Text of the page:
There are various approaches to perform model selection in the GGMs. For example, Whittaker proposed the traditional stepwise forwardselection or backward deletion approach for small sized GGMs [23]. Bayesian shrinkage approaches for large scale gene networks are described in [24–26]. Here, we follow a Bayesian approach to solve this problem for two reasons: 1) the proposed Bayesian approach provides us an automatic objective prior for the model selection, 2) the resultant Bayes factors from the proposed Bayesian approach have a closed form, hence the algorithm is computational efficient.
Suppose we observe
n samples (
x
_{1}, . . . ,
x
_{n}) of
pdimensional vectors from an unknown decomposable graph
G, where each
x
_{i} ~ N (0, Σ), with unknown covariance matrix Σ. Let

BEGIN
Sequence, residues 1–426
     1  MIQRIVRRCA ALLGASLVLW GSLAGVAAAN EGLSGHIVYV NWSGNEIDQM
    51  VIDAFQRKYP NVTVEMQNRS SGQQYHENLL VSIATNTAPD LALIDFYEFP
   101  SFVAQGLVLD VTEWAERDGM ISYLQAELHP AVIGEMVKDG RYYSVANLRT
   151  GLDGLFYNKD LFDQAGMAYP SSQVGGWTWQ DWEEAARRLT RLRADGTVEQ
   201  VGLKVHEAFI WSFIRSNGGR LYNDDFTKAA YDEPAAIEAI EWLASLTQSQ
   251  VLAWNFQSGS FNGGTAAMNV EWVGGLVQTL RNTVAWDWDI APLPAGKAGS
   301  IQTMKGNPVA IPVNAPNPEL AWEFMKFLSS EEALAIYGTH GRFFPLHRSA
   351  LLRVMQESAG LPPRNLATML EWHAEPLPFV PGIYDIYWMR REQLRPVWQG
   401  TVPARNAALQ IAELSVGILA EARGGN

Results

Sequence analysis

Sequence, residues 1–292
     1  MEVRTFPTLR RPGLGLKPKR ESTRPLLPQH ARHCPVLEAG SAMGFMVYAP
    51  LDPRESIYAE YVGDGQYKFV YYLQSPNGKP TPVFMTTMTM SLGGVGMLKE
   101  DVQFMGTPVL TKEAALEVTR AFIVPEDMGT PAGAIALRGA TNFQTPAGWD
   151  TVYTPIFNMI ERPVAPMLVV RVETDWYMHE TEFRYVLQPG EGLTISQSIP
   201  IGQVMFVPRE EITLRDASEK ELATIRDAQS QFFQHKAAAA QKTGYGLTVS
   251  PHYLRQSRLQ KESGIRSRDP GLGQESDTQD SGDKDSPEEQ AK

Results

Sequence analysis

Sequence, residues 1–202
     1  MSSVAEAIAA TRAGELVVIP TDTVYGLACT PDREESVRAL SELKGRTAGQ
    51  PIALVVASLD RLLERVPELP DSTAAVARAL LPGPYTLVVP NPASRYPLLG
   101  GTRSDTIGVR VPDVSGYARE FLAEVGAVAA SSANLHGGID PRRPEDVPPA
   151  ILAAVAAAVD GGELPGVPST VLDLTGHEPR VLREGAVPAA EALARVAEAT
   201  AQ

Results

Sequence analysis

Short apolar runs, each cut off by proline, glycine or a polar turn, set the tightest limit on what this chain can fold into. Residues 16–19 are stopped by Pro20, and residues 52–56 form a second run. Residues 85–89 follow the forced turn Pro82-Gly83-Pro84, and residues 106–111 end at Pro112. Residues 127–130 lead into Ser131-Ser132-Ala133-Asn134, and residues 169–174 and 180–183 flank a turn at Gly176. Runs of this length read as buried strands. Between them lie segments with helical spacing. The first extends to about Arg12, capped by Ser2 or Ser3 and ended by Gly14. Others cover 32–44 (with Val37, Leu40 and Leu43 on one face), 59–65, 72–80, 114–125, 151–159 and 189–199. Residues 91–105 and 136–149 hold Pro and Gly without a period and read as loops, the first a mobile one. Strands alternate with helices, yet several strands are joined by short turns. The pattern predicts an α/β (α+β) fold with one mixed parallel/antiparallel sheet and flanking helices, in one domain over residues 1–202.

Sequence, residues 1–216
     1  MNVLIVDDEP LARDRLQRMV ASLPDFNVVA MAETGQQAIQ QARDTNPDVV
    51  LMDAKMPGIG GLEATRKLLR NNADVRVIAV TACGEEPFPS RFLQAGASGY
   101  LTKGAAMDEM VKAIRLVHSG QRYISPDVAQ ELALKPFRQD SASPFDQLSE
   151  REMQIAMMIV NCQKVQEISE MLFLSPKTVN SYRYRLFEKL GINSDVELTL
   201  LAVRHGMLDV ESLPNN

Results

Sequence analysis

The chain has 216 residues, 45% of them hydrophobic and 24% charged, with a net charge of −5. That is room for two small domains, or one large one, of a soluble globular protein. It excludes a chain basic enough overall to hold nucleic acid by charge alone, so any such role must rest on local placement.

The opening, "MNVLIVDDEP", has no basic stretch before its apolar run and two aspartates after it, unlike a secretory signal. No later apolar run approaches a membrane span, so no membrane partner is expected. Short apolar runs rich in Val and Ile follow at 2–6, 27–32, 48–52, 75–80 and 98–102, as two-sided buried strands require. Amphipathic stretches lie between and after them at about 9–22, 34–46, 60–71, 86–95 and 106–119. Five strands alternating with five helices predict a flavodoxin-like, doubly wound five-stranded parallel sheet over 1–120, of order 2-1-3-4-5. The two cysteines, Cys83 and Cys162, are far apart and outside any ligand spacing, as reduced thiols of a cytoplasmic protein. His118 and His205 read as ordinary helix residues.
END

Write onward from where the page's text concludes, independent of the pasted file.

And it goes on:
X be the
n × p matrix of observed data. The posterior distribution of the graph
G given
X can be expressed as,
where π(G) is the prior probability of the graph G, and π(ΣG) is the prior for Σ given G.
One major problem in model selections is that the integral in equation (1) is very sensitive to different choices of the prior, and depends on sample size [22, 27]. Hence, in model selection, it is critical to choose an appropriate π(ΣG) that should at least have the two properties: a) π(ΣG) should be a conjugate prior for practical reasons (e.g., computation efficiency); b) both improper priors and vague proper priors cannot be used since they may confound graph selections.
A conjugate prior was first proposed as π(ΣG) ~ HIW
_{
G